Dimon's comment was another way of saying that his bank, and everything it represents, is The Shock Doctrine made manifest. The nation's megabanks are arbitraging their own failures, and the economic crises that flow from those failures.
These institutions are designed to prey off economic misery. They suppress genuine market forces in order to thrive, and they couldn't do it without our ongoing help. The Treasury Department and the Federal Reserve are making it happen.
We who have made these banks "antifragile" have crowned their leaders our Lords of Disorder.
Once Dimon told reporters that he explained to his seven-year-old daughter what a financial crisis is -- "something that happens ... every five to seven years," which "we need to do a better job" managing.
Thanks to fat political contributions, Dimon manages them well. So do his peers. Misery is the business model. And by Dimon's reckoning another shock's coming any day now.
Money For Nothing
Bloomberg's use of the word "subsidy" in this instance can be slightly misleading. Public institutions don't issue $83 billion in checks to Wall Street's biggest banks every year. But they didn't let them fail as they should have -- through an orderly liquidation -- after they created the crisis of 2008 through fraud and chicanery. Instead it allowed them to prosper from it, creating that $83 billion implicit guarantee.
As we detailed in 2011, the TARP program didn't "make money," either. Banks received a free and easy trillion-plus dollars from our public institution, on terms that amounted to a gift worth tens of billions, and possibly hundreds of billions.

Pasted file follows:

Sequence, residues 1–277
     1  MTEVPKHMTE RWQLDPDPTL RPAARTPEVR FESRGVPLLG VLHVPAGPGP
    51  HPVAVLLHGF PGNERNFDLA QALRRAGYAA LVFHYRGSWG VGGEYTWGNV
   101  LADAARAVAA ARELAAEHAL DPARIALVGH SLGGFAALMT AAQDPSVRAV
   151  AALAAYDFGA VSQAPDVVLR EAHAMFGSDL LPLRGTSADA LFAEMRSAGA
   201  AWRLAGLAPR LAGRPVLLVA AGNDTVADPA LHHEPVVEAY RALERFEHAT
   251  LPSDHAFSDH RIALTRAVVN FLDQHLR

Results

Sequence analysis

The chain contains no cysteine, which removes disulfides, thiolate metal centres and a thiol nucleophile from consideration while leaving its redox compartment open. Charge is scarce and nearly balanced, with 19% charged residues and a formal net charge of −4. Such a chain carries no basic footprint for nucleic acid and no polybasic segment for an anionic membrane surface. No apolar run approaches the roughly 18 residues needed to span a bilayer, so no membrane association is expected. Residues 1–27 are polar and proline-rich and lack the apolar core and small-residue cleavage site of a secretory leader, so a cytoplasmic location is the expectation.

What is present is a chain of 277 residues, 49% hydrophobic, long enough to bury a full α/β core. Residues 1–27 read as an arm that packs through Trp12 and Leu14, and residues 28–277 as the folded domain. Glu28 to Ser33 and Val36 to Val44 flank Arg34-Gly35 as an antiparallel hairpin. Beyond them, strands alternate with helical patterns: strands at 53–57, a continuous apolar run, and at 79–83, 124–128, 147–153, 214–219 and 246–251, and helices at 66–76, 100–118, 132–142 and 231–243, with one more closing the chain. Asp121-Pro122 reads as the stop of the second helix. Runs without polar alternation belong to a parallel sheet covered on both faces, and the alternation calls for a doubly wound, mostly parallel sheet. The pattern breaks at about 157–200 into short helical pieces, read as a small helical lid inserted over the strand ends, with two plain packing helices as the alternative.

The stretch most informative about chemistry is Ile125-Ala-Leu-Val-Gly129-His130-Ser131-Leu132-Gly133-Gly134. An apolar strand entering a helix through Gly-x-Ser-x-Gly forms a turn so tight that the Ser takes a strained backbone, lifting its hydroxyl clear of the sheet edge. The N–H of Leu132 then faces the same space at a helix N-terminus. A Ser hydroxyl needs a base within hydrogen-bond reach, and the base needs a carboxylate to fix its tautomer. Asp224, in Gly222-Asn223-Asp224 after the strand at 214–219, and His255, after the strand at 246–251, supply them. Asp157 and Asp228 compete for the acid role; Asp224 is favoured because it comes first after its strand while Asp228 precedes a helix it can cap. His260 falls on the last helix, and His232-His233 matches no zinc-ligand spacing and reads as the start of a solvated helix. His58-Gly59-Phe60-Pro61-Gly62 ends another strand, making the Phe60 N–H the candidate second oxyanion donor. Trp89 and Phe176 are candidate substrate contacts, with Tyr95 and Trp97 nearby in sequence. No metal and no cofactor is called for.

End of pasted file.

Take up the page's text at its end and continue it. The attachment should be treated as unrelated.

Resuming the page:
That gift prevented them from failing. In private enterprise, this kind of rescue is only given in return for part ownership or other financial concessions. But our government asked for nothing of the kind.
Breaking up the big banks would have protected the public from more harm at their hands. That didn't happen.
Government institutions could have imposed a financial transaction tax, whose revenue could be used to repair the harm the banks caused while at the same time discouraging runaway gambling. They still could.
They could have imposed fees on the largest banks to offset the $83 billion per year advantage we've given them. They still could.
But they haven't. This one-sided giveaway is the equivalent of an $83 billion gift for Wall Street each and every year.
Cut and Paste
$83 billion per year: Our current budget debate is framed in 10-year cycles, which means that's $830 billion in Sequester Speak. You'd think our deficit-obsessed capital would be trying to collect that very reasonable amount from Wall Street. Instead the White House is proposing $130 billion in Social Security cuts, $400 in Medicare reductions, $200 billion in "non-health mandatory savings," and $100 billion in non-defense discretionary cuts.